Simply use a band saw, sander, or hacksaw to square up the mouth. If you wish to leave a piece of the horn as a tab to which will be attached a suspension thong, draw the tab on the inside of the curve, then cut the mouth out around it.


A. Heating
The next step is to clean up the rough exterior of the horn. The best tool for most of the work is the 4-in-1 rasp.

  • First, heat the horn in boiling water for no more than 10 minutes. This will soften up the horn so that it is easy to quickly remove a good deal of material.
  • NOTE: Heat is the worst enemy of a horn, whether you’re making a ladle, cup, or powder horn, so it is best to minimize any heating: better too little than too much. Otherwise, the layers of the horn will bubble up and start to separate like an old radial tire.
  • Try 10 minutes for a buffalo horn; if you have a thinner cow horn, boil for only 5 minutes. Once it is hot, handle the horn with a thick pair of leather gloves.

B. Thinning The Horn

Thinning is done by holding the horn with your hands, that is, don’t try to clamp it in a vise. Proceed to remove a lot of material from the entire outside layer of the horn. You may use the belt sander for much of it. Whatever you do, proceed slowly, frequently feeling the thickness of the ladle or cup between your fingers so that you do not get it too thin or uneven in thickness. Also remove material to refine the overall shape of the ladle at this time.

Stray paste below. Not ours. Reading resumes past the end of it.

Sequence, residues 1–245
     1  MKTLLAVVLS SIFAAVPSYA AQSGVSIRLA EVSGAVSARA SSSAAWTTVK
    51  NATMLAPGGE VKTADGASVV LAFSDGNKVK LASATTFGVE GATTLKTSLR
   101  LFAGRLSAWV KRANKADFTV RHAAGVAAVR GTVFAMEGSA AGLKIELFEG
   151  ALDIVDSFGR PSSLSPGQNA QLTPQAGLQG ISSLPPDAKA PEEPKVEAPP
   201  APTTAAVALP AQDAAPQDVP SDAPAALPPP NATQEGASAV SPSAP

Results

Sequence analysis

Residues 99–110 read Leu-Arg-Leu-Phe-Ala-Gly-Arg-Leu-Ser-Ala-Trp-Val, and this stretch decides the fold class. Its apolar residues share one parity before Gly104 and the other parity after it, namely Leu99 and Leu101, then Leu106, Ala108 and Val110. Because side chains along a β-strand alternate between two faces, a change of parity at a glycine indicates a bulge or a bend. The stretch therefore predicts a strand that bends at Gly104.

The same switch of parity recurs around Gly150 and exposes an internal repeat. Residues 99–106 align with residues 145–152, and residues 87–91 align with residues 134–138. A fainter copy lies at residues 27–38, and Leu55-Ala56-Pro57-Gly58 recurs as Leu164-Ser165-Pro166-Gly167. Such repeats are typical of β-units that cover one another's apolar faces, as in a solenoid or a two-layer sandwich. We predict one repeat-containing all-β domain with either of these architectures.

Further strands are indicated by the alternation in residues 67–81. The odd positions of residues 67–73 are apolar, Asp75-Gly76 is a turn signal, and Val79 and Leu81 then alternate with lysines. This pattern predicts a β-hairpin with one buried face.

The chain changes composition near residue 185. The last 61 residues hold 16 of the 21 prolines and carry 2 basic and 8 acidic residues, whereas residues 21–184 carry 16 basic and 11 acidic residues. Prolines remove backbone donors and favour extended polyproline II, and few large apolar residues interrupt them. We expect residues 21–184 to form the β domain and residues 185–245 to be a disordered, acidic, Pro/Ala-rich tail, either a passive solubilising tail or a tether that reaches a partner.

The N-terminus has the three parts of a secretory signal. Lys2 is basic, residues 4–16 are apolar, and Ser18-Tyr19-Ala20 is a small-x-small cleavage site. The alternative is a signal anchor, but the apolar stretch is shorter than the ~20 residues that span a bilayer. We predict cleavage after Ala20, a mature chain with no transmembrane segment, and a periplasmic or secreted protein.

A slower but more cautious way to proceed is to use the coarse, rounded part of the rasp, in combination with a sander. As you work the horn, you’ll find some uneven spots, as it really does not have the nice curved surface that it appeared to have at first glance. After removing the bumps, smooth the surface down with the rasp’s fine teeth.

NOTE: The edge of a ladle can be somewhat thick, up to 1/8″ of an inch. However, a spoon is more comfortable to the mouth when it is about 1/16″ of an inch thick at the edge. Use trial and error with your spoon to determine how thin it should be, as well as how much to angle back the front edges.


You may wish to put a bit of a backward curve in the handle section of the ladle or spoon or carve an animal or bird head, as in the photo. This requires that the mid-handle section be thin, often very thin. Carefully work this area to make it thin, both from side to side and top to bottom. Test it frequently until it can bend somewhat easily by hand. At this time, clean up the file marks and smooth the edges of the handle section. Heating and forming will come later.